“To me, the big difference between Project Excelsior and everything that’s come after is that Project Excelsior had a clear, justifiable and urgent mission,” says Craig Ryan, coauthor with Kittinger of Come up and get me, a biography published this June. “It was to prove the viability of emergency escape from super-high-altitude vehicles. . is was necessary work, because for the first time we were sending pilots and astronauts to extraordinary heights, and we didn’t really know how to get them back if anything went wrong.”
History has shown there are many ways to die at high altitudes. Pyotr Dolgov, a parachutist for a Soviet ballooning programme, leaped from the Volga at 28 640 metres in 1962. His faceplate cracked and his spacesuit depressurised; he died almost immediately from hypoxia – oxygen rushing to leave his body for the vacuum of space. In May 1966, a gondola carrying American skydiver Nick Piantanida rose to 17 500 metres before he either accidentally or purposely opened his own faceplate. His team brought him back down, but he slipped into a coma and died months later. Since then, not a single super-high-altitude manned balloon ight has left the ground.
If Baumgartner or Fournier succeeds, the technology and techniques they demonstrate would be of interest to Nasa, the US military’s suborbital spaceflight programme, and – most of all – the burgeoning industry of private space. A handful of companies are now racing to develop technology that would take civilians into low Earth orbit. “But none of them are really thinking beyond what’s called shirt-sleeve technology, where they’re going to put somebody in a regular jumpsuit in a space capsule and they’re going to fly,” says Art Thompson, Red Bull Stratos’s technical project director. “We’re looking at the next step. What happens if you need to get out?”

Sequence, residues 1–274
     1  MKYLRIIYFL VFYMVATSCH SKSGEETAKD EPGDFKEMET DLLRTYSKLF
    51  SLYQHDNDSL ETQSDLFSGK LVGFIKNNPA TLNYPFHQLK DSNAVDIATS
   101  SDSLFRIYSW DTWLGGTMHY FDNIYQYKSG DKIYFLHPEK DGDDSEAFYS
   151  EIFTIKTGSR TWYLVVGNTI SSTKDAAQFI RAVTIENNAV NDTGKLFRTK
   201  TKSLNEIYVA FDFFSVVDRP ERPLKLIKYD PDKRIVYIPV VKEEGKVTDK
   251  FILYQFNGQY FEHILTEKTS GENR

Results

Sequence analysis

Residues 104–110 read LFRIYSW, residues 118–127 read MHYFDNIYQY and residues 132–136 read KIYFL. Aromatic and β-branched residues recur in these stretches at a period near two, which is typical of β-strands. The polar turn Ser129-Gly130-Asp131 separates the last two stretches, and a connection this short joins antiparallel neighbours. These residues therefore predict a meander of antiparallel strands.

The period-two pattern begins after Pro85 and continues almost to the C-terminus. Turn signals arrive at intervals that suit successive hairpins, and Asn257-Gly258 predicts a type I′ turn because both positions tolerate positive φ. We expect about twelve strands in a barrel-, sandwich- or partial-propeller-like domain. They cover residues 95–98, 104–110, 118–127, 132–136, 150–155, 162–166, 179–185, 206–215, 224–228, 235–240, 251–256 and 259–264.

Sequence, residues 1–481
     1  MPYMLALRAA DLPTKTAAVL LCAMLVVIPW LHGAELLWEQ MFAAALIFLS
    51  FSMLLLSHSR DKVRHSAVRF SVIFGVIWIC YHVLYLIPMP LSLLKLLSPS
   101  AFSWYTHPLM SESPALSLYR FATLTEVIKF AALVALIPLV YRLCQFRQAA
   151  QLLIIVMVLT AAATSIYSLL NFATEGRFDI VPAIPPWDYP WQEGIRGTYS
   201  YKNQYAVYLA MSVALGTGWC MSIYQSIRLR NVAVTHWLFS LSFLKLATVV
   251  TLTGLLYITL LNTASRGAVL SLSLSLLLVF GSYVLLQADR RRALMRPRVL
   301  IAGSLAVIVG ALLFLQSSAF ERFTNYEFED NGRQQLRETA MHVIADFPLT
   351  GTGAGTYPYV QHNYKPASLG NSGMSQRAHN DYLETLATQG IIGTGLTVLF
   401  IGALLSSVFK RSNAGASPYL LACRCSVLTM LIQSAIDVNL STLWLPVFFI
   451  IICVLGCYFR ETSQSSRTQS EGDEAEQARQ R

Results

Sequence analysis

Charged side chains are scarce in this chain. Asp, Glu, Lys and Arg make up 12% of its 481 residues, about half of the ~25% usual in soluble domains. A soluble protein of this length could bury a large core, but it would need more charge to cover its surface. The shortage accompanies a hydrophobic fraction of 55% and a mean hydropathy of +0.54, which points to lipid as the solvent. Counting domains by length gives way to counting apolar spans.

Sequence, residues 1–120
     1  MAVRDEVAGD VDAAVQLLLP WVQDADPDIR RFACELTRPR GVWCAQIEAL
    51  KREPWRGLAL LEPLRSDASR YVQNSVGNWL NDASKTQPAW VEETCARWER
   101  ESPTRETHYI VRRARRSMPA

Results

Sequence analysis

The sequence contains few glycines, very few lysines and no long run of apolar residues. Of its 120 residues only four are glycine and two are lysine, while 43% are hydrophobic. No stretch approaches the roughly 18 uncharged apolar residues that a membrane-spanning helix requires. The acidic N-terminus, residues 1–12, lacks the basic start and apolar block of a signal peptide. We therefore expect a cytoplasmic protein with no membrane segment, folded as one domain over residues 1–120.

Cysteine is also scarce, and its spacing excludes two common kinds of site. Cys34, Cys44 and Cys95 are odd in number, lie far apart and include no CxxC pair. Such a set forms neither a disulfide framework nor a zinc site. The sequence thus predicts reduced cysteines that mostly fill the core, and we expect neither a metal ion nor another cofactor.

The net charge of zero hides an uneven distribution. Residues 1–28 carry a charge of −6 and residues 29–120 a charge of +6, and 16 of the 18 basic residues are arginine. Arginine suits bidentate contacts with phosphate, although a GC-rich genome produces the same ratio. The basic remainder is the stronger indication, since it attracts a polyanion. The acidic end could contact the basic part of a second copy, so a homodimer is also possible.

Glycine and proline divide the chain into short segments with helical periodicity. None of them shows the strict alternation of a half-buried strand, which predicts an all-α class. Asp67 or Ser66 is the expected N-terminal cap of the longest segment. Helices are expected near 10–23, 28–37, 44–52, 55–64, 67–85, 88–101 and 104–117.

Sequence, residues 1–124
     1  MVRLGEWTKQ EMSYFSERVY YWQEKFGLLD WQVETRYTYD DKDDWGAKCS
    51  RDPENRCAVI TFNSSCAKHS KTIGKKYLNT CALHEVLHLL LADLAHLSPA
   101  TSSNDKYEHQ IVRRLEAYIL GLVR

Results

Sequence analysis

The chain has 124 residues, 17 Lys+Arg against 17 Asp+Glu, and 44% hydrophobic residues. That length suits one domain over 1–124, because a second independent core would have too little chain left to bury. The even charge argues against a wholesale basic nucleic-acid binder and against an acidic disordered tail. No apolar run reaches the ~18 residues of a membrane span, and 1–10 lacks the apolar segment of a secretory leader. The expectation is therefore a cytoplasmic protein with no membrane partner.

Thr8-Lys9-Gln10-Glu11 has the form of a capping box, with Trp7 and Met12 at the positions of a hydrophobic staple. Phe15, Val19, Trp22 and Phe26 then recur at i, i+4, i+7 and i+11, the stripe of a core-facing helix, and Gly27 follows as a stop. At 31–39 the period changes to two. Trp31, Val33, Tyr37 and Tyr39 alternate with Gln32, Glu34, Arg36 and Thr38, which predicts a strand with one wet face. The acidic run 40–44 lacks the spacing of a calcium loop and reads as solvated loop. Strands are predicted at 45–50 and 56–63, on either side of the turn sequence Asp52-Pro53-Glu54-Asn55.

The nacelle belonging to 66-year-old Michel Fournier looks like a relic of a bygone space programme. Covered by quilted silver insulation, it’s roughly the shape of a water heater and not that much bigger. Inside, there is just enough room for a single seat and some electronic controls; stickers along the top read “Who Dares Wins” in both English and French. In fact, Fournier himself is an artefact of such a programme: a skydiving project by the French Defence Ministry to test equipment for the first European space shuttle. The project was cancelled in the late 1980s and the shuttle shortly after, but Fournier never gave up the ambition behind it.
In mid-May, the nacelle sits inside a small metal hangar on the far end of a tiny air. eld in North Battleford, in Canada’s Saskatchewan province. Fournier’s countrymen work behind long pressed-wood tables covered with power tools, parts and a battered grey space helmet; a cardboard box containing food and a bottle of merlot sits nearby. The North American half of the team can be found in the back of the hangar, where they are busy installing a helium vent valve in the thin plastic balloon spilling out of a large crate.
Fournier’s past attempts have been plagued by balloon problems. Weather ended his first try at the record, in 2002, after wind ripped away the in ation tube. When his team tried to launch again the following year, the balloon itself ruptured. In 2008, everyone cheered as the gossamerthin craft floated up into the sky, but then gasped as they realised the capsule hadn’t. A mechanism linking the two had fired prematurely, leaving Fournier on the ground.